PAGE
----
1959 Riva Ariston #219
- written by Dan Diehl
In 2009 I went to the Tavares boat show looking for information on restoring my
21' Cobra. Terry Fiest had his beautifully restored Cobra at the show and
I thought I would take pictures of it to help with my project. After
finding many of the parts I needed at the show's swap meet and getting my
pictures of Terry's boat, I was feeling pretty good about my Cobra. My
friend Clay Thompson, a knowledgeable and prolific restorer of wooden boats,
and I headed for the docks to see the boats that were there for the show.
As it turns out, the Marque Class group for the '09 show was the Riva series of
boats. Clay is also an owner of a Riva Aquarama and a Riva 1959
Tritone. When we walked out on the dock, there was an Ariston on each
side of the walkway. I was spellbound. I've always thought the
Cobra had the best lines of any boat ever built but when I saw the Ariston, I
put it at the top next to the Cobra. In my mind, these are the two most
beautiful boats ever made. Right there, that day, I knew I had to have an
I'm the kind of guy who loves a project. All of my boats are "near
basket cases" when I acquire them. Well, try to find a junked out
Ariston! There aren't many. After looking on the internet for
several months, both in the US and in other parts of the world, I was having no
luck at finding a project Ariston and was getting more and more
One night Clay called me to tell me about a project Ariston he found on Peter
Mellon's Antique Boat America website. Their web site has a huge
number of boats and receives thousands of visitors each day.
I immediately called Peter and he made arrangements
with the owner in Houston for me to take a look. My wife, Alicia,
and I flew from Tulsa to see it. It was truly a "milamore"
boat. That means it looks good from a mile or more. It was
discouraging at first but it did have most of the hardware with it.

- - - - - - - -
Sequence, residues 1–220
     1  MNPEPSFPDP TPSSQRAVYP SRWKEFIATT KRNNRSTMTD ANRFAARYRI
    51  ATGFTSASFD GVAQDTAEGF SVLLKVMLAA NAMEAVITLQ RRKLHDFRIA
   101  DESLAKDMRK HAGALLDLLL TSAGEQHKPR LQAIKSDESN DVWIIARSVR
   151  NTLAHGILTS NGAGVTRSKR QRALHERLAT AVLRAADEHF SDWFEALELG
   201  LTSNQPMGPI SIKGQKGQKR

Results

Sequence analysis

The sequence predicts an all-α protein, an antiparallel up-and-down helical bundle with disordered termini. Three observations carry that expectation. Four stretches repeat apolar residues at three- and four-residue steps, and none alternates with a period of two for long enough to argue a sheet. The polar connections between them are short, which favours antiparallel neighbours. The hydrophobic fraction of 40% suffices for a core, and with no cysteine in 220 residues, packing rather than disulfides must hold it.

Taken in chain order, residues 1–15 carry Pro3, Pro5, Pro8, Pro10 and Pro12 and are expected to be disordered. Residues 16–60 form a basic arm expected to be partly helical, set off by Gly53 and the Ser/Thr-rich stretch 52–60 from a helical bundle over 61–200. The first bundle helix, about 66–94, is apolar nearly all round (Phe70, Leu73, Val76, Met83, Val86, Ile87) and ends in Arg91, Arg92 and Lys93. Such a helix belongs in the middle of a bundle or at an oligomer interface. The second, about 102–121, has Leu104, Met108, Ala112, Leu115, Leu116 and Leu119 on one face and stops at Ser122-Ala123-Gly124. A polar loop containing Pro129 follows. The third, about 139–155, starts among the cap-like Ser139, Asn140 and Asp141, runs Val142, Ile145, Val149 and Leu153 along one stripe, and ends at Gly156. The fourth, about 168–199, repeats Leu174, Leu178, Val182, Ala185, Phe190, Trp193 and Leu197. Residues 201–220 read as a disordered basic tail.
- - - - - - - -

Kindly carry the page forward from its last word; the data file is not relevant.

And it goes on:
Alicia said it was a boat with "lots of potential but not much
else". The only thing keeping it in one piece was the fiberglass
someone had put on the outside of it years ago in an attempt at
"restoration". Peter did a great job of negotiating the deal
and a week later Alicia and I drove down to trailer it home. This
Ariston, #219, was one of the first three boats brought to the United States by
Carlo Riva in 1959 for the Miami Boat Show. As it turns out, Clay's
Tritone is one of the other Rivas brought to that show. What are the odds
of that? Both boats are shown in the Riva books as being side by side at
the 1959 Miami Boat Show and here they were about to be brought back together.
Both, though, are in TERRIBLE shape. We just couldn't
resist the urge to get the boats together again after 50 years for some
pictures. So, on our way home, we took a long detour to Clay's home in
Altus, Oklahoma to re-unite these two potentially gorgeous boats. We took
pictures, ate dinner with Clay and his wife Patty and were off to Tulsa.
Now the real fun begins.
Many thanks go out to Peter Mellon and Clay Thompson for finding the boat for
us. I mostly want to thank my wife Alicia, for having enough faith in me
to help make it happen.
Both boats at the 1959 Miami Boat Show
Reunited once again in 2009